Mistakes Everyone Makes With Pizza

Pizza is one of the most popular comfort foods around for a good reason. It's saucy and cheesy, full of carby dough baked to perfection. It's easy to hit up your favorite pizza spot for a slice or have a pie delivered to your home. But nothing is more gratifying than when you create your very own pizza. Homemade pizza can be tailored to your liking, whether you want a Detroit-Style Deep Dish recipe or a veggie NYC-style recipe, and eating it can taste even better because of the work put into it. You may even take your time eating. But probably not.

When making homemade pizza, there are a lot of common mistakes. The type of flour you use is just as important as how you place your toppings on the dough. You want your pizza to come out the absolute best. And we're here to make sure that happens. Here are the top mistakes everyone makes with pizza and how you can avoid making them, too.

Not cooking at the right temperature

Soggy pizza dough is not anything anyone ever wants when trying to master their own pie at home. Pay close attention to how you cook the pizza dough is the key to ensuring this doesn't happen. The temperature at which you cook your pizza is very important and can determine whether or not you're looking at a soggy pie. To get that perfect crust, you'll want to try baking your pie at around 475 F for roughly 10-12 minutes for ultimate perfection that is anything but soggy.

Crust Kingdom says the key is to make sure the bottom of the pizza gets enough heat. Higher temperatures work well in pizza ovens, but you may need to cook for longer at a lower temperature with regular home kitchen ovens. Consider lowering your pizza on the oven rack, so the bottom gets as much heat as the top.

Using pre-made pizza sauce from the store

We know how easy it is to grab that jar of pizza sauce off the shelf and bring it home to slather on your dough. But using a pre-made sauce might not always be the best option when you're looking to create some flavor in your homemade pizza. This step is definitely one of those top mistakes many people make with pizza, but you don't have to be one of those people.

Mediocre Chef says most of those jarred pizza sauces you buy at the store are way too sweet, which can impact how your pizza tastes. Making your own sauce can help add flavor, and it doesn't have to be hard or expensive. Simply stick with a can of tomatoes and the herbs and seasonings of your choice (think oregano), and you'll easily create a delicious sauce that will outshine the ones that come in the jar any day.

Pizza dough didn't have enough time to rest

We know that the pizza dough is a big part of the overall result. We want the middle of the pizza to be warm and never soggy, while the crust should be fluffy, with just the right amount of crunch from those crispy golden edges. While how you make the dough matters, a critical step is how long you let the dough sit. Simply put, this equally important technique is one step that should never be skipped for excellent pizza.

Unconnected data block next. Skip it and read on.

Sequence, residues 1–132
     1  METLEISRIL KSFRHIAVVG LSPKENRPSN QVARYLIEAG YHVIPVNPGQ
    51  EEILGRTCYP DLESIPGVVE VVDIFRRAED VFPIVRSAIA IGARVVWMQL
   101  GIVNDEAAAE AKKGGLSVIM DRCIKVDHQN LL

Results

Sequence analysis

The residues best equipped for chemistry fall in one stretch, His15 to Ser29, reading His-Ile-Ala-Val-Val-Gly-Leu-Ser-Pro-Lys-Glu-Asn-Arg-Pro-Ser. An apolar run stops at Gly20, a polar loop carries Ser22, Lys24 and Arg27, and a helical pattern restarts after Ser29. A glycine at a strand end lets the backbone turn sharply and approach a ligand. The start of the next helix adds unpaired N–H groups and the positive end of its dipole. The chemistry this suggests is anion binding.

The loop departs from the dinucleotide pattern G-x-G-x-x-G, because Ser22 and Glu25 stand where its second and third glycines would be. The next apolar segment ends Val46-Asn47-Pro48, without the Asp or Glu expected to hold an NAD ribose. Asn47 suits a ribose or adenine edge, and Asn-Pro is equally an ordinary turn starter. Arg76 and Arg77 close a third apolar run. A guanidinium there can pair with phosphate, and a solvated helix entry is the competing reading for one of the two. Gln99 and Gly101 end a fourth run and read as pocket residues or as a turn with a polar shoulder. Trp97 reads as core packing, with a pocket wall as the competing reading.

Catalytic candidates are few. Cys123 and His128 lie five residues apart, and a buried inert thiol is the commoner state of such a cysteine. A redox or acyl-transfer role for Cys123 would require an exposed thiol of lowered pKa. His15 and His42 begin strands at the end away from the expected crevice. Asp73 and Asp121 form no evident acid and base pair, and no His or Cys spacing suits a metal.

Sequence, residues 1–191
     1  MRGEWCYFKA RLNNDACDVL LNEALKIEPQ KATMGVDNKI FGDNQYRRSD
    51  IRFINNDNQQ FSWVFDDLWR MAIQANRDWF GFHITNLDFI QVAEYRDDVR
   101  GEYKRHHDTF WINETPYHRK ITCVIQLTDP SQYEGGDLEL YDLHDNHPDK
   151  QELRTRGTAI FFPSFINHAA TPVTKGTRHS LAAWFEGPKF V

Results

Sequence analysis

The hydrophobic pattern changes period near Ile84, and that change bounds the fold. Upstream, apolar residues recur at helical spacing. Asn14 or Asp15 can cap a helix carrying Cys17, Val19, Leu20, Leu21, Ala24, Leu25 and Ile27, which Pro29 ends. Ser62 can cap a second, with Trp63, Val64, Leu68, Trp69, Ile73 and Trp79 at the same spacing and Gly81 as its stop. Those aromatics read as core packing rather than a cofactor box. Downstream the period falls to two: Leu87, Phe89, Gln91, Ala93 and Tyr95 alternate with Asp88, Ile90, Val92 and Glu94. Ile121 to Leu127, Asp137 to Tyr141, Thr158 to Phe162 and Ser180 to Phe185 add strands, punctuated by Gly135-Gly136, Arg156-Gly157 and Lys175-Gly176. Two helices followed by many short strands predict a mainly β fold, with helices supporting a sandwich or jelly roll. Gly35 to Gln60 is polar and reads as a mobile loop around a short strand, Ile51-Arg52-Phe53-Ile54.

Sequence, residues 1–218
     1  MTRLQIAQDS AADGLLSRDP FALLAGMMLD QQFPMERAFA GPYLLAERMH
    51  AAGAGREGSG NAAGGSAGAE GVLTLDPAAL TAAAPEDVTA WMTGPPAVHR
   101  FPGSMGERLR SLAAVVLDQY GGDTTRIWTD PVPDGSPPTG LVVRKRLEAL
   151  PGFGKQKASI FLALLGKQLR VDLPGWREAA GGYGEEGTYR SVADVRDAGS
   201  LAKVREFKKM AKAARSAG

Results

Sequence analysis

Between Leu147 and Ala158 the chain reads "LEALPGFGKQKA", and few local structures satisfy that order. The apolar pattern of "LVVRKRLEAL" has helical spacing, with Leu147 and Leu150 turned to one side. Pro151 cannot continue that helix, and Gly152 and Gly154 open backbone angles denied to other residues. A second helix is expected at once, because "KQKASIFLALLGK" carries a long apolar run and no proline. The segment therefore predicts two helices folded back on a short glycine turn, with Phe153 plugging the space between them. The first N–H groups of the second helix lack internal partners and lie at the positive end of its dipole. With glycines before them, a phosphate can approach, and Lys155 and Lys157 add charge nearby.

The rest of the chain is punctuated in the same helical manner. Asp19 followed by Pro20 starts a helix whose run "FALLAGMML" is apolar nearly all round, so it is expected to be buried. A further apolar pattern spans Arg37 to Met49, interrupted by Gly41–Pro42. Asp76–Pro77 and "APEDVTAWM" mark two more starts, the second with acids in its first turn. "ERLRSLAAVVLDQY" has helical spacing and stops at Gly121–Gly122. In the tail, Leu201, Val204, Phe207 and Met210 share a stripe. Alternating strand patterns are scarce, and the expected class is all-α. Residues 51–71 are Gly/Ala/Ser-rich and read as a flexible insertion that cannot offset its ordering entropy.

After you add all the ingredients to your dough and complete the kneading, you'll end up with a product that it's nice and smooth. The next step you will need to do is to allow the dough to rest, says Baking Kneads. During this time, while the dough rests, the yeast expands. The reason for this (and why this is so important) is to help make the dough fluffy, ensuring a killer crust after baking. 

Toppings are not added in the right order

Some things in life are just a given. The way you add the toppings to a pizza is one of them. You wouldn't add cheese first and then the sauce, right? You could, of course, but you probably wouldn't have a pizza that tasted the way it should. The order of how you place your ingredients on your pizza is significant and shouldn't be played around with.

Crust Kingdom says toppings, such as your meats and veggies, usually need the direct heat, which is why they are added last, as opposed to the cheese and sauce, which require less heat and are added first (sauce first and then the cheese).

Speaking of the correct order, let's not forget one of the last steps to making your pizza. Be sure to baste your crust with olive oil before popping it in the oven. This step will help add flavor so your homemade pizza will taste just like delivery, but even better.

Not using the right flour for your dough

When you think about making your pizza dough, you might not necessarily consider which type of flour to use. Instead, you may just reach into your cabinet and pull out any ol' flour you have stowed away. But when it comes to making quality pizza dough, the flour counts, and you shouldn't use just anything.